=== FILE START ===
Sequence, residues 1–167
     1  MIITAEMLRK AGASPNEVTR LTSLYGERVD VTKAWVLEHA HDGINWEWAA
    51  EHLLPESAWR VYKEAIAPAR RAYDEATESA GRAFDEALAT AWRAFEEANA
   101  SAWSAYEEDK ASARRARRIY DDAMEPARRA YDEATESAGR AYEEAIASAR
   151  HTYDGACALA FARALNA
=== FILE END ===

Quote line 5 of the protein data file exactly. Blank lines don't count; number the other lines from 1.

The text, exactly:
   151  HTYDGACALA FARALNA